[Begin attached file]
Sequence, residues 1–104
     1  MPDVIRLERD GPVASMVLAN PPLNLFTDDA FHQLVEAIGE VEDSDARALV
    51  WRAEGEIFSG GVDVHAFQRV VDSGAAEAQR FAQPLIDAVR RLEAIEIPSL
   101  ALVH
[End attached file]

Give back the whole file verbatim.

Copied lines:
Sequence, residues 1–104
     1  MPDVIRLERD GPVASMVLAN PPLNLFTDDA FHQLVEAIGE VEDSDARALV
    51  WRAEGEIFSG GVDVHAFQRV VDSGAAEAQR FAQPLIDAVR RLEAIEIPSL
   101  ALVH